Even humans have been known to experience a persistent headache that can last for weeks and suddenly vanish before a temblor hits. And some dogs have been documented to have an urge to chew on willow bark, from which aspirin is derived, in an attempt to self-medicate prior to an earthquake.
Grillo said his staff will be wholly committed to safeguarding animals during the quake. D.E.L.T.A. Rescue received no significant damage following the Northridge temblor. “Just broken water lines,” he said. When the big one hits, Grillo says the Cajon Pass infrastructure will collaspe – resulting in water, gas and electrical outages, plus a shutdown of freight transport for up to four months in some areas.
Grillo feels that D.E.L.T.A. Rescue, which is located northeast of Los Angeles, will be able to withstand another major disaster. “Our structures are strong because they’re all newer and built to code,” Grillo said. “Even my straw bale dog houses are designed to take any quake.” Grillo’s plan of action proves promising since seismologists are now on edge as are those whose on-going mission is to save lives.
Since officials are unable to pinpoint the exact time the next calamitous earthquake will occur, Grillo says D.E.L.T.A. Rescue will remain in disaster readiness mode from this point on, particularly since landslides could develop in the wake of recent wildfire devastation. Pictured: Chief veterinarian Dr. Gaylord Brown in active surgery.
Grillo said D.E.L.T.A. Rescue has already stockpiled sleeping bags and MRE’s (Meals, Ready-to-Eat) for its staff. Water storage tanks have been placed throughout the 150-acre sanctuary. As many as 1,000 emergency blankets for the dogs are in ready reserve. Moreover, the hospitals are equipped with a six-month supply of emergency medical supplies and pharmaceuticals.
“We are working on emergency electricity now. It has to be solar-powered as generators require fuel that will be unavailable,” said Grillo. A fully-equipped firetruck and firefighting apparatus are at the ready. D.E.L.T.A. Rescue has also set aside a two-month supply of dry and canned food for dogs and cats, in addition to hay for horses and burros.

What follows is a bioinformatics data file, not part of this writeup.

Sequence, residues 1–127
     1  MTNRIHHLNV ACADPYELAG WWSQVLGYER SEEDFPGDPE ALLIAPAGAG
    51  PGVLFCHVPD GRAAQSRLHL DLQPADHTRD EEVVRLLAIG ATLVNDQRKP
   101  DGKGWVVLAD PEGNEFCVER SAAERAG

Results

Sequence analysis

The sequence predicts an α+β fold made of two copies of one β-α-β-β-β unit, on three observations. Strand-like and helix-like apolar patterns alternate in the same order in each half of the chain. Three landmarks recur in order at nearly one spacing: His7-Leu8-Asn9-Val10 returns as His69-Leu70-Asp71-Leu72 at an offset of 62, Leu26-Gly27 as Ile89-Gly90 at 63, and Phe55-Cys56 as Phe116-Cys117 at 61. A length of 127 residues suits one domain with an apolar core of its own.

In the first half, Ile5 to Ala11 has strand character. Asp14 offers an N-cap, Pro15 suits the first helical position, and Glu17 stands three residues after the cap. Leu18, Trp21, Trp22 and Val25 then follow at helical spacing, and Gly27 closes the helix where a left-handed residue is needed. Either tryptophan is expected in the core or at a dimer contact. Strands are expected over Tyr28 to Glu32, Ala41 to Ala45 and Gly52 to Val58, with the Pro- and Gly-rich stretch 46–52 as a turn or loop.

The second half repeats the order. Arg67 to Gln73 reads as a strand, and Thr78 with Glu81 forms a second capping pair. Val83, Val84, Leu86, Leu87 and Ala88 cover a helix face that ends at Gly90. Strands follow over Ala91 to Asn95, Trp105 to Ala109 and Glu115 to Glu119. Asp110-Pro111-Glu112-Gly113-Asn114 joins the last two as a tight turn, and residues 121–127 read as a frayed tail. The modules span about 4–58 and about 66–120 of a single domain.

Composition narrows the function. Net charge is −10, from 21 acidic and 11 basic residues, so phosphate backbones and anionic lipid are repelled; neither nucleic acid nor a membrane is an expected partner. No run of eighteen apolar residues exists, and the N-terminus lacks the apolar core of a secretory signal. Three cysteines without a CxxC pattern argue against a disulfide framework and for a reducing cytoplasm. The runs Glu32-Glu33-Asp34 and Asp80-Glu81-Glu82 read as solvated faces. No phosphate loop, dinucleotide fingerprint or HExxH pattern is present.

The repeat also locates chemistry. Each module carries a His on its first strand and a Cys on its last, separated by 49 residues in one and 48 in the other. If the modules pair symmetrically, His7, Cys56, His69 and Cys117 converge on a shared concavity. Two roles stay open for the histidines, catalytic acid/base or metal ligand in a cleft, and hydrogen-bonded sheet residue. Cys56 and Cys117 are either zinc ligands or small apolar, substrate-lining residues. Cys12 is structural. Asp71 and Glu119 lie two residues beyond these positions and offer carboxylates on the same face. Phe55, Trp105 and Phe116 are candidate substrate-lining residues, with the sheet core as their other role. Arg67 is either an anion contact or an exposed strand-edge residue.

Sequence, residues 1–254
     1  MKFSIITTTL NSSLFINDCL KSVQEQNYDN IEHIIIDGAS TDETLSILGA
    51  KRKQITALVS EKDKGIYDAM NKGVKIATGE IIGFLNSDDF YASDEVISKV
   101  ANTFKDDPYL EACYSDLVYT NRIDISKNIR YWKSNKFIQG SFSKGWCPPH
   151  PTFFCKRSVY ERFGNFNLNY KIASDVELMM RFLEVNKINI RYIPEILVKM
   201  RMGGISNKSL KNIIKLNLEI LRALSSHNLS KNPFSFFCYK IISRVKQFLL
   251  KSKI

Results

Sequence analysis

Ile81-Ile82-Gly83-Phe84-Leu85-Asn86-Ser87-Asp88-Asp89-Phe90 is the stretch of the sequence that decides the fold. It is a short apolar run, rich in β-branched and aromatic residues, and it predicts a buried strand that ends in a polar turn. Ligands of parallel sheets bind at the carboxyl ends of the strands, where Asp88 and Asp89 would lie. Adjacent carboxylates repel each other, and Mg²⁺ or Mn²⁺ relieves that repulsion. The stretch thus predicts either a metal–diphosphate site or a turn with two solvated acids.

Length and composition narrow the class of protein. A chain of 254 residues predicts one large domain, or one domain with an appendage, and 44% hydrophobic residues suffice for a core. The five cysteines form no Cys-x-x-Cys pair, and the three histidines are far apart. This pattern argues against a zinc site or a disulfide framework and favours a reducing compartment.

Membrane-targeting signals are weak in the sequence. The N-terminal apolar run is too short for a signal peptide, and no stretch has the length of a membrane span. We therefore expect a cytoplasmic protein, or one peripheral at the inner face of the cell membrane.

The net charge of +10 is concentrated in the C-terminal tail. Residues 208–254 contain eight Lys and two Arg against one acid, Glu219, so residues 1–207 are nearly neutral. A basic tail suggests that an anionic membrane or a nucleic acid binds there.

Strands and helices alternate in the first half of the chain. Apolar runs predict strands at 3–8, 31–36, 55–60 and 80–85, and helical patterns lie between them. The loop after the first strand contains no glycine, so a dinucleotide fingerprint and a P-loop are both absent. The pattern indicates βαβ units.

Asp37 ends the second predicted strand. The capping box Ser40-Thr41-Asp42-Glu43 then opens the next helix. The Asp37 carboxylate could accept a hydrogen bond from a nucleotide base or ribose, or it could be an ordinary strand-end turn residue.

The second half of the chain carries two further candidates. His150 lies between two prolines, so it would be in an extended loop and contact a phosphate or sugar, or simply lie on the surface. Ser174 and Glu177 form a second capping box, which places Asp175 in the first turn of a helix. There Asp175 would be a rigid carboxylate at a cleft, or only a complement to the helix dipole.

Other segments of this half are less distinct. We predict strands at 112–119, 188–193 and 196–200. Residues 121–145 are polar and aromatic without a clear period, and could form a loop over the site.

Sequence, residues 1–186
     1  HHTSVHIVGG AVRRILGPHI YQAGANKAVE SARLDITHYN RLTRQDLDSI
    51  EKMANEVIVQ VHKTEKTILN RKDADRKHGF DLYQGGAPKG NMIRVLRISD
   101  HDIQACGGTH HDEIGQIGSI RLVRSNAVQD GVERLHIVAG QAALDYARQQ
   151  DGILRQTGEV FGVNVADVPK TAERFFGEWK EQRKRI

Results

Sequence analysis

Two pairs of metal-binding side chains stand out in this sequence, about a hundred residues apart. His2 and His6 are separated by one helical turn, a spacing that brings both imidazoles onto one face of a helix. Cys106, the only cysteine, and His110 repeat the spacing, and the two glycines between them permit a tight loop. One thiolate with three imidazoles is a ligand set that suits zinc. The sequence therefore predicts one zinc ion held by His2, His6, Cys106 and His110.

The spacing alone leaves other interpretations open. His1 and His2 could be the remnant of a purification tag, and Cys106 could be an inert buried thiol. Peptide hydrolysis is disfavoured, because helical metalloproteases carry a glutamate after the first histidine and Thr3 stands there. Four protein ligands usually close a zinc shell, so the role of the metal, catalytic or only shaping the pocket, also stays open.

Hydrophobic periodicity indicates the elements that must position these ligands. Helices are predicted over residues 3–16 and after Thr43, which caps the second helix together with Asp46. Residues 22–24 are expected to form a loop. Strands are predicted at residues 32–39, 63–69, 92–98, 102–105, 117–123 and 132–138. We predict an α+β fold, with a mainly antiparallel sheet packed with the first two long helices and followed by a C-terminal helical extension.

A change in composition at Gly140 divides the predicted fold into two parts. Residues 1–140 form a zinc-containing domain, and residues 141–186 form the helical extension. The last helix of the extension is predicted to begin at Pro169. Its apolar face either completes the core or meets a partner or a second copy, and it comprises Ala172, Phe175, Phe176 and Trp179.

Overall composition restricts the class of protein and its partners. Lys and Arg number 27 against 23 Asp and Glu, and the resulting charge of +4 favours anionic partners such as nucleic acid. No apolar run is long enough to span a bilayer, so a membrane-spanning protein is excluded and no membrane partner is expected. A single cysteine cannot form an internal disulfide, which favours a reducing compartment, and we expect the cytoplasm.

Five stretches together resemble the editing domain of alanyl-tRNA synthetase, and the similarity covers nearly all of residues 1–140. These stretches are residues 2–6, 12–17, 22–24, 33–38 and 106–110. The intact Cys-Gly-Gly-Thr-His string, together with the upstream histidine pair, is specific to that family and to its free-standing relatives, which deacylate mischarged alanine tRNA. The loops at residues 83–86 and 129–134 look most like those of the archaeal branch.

“We’re also warning everyone about the real probability of falling rocks and other debris,” continued Grillo. “People think mountainous regions are immune to earthquake damage, but they’re sorely misled. We’re just as victimized as those living along the coastal region of Los Angeles, where tsunamis triggered by earthquakes remain a posing threat.”
Grillo is also training his staff and community to “drop, cover and hold on” during aftershocks which can occur minutes, days, weeks, even months after an earthquake. He advises pet owners to watch their pets closely because they may become disoriented during and after a temblor.
“Animals might try to escape from your property due to broken fencing,” Grillo cautioned. He also wants owners to be aware of hazards at the level of their pet’s nose and paw. “I’m referring to debris, chemicals and anything else that’s dangerous to humans. If it’s toxic to us, it can be lethal to them,” he added.
Starting October 12 and continuing as often as practicable, the entire world will be able to track Grillo’s unpredictable journey to constantly safeguard pets during a natural disaster by following his up-to-the-minute blog at www.deltarescue.org. There, Grillo will address pet and livestock issues for both the mountains and coastal regions of Southern California. Those visiting his Web site will also be able to view Cal Tech’s official presentation and video.
“While we can not stop a huge shaker from occurring, we can at least get ready for it by making a plan and following it through to the end,” said Grillo. “We all need to be in control of our own survival, for our children’s sake and for the best interest of our animals. The countdown has already begun.”